Often when we look up at the sky, we see strange lights in a row, like a train. Well, those are not aliens, but simply Starlink satellites. Starlink is a constellation system of satellites that aims to provide global internet coverage. This system is ideal for rural and geographically isolated areas where internet connectivity is unreliable or nonexistent. SpaceX, owned by Elon Musk, is the company behind this system, with the goal of creating a global broadband network. Starlink uses a constellation of satellites in low Earth orbit (LEO) to provide high-speed internet services.
Tonight, on November 12, 2023, at 6:03 PM, there will be a very bright passage of the Starlink satellite train. To locate the passage, you can rely on the compass on your smartphone. The passage will last about 5 minutes, but it is recommended to position yourself a bit earlier. You can download the map for your city to find the exact location and time of the passage.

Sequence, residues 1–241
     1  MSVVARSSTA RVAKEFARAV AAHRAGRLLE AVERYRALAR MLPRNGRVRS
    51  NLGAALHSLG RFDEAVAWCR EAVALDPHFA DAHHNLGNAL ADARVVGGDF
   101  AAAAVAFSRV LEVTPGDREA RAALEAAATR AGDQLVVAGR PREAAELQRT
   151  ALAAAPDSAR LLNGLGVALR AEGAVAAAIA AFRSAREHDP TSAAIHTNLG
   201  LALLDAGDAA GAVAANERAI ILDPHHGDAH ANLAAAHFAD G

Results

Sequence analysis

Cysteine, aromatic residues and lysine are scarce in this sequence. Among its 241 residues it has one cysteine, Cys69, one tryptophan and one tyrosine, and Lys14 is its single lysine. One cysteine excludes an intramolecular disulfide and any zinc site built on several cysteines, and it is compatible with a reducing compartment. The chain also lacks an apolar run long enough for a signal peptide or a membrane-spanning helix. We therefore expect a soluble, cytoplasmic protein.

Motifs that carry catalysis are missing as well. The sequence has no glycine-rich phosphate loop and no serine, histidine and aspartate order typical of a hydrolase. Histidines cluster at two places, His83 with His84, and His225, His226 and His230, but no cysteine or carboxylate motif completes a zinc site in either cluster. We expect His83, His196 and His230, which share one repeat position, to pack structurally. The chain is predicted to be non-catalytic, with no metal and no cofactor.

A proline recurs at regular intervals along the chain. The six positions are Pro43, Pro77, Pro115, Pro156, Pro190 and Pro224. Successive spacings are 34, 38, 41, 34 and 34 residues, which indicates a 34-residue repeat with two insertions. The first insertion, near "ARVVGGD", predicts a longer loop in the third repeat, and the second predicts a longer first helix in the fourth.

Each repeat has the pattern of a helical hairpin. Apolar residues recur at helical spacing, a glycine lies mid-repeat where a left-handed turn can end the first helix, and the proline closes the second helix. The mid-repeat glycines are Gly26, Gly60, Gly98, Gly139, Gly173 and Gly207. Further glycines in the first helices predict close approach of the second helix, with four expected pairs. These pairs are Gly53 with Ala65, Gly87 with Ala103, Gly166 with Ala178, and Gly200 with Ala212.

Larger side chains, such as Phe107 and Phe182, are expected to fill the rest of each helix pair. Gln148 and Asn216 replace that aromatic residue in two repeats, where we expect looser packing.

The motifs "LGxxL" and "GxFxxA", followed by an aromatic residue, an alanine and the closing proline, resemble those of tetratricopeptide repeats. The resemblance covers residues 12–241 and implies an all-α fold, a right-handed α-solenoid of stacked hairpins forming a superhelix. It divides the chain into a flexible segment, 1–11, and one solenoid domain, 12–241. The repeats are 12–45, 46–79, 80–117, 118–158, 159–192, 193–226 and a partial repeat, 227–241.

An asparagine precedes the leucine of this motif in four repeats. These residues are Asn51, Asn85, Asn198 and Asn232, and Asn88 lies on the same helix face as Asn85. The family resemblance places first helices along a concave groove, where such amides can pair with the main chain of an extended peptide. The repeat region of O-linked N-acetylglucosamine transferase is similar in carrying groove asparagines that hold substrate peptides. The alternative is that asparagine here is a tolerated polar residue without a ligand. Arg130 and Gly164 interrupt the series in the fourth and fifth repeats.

You can easily find out where and when these satellites will be visible in your city by visiting the Heavens-Above website. Select your city in the top right corner and then choose “Starlink passes” from the menu. The website will provide maps with the date and time of visibility. You can also discover the passes of other satellites and the International Space Station (ISS) on this site.
However, while the spectacle of the Starlink satellite train is awe-inspiring, there is a downside. These satellites contribute to light pollution, which affects the night sky. The brightness of these satellites, even when not visible to the naked eye, can disrupt professional and amateur astronomical observations. It also poses a risk of collisions in space, which could render these orbits unusable.
The proliferation of satellites is turning the once pristine night sky into a memory of the past, even in remote locations unaffected by artificial light pollution. It is important to be aware of the impact that satellite constellations like Starlink have on the night sky and ongoing efforts to address this issue.
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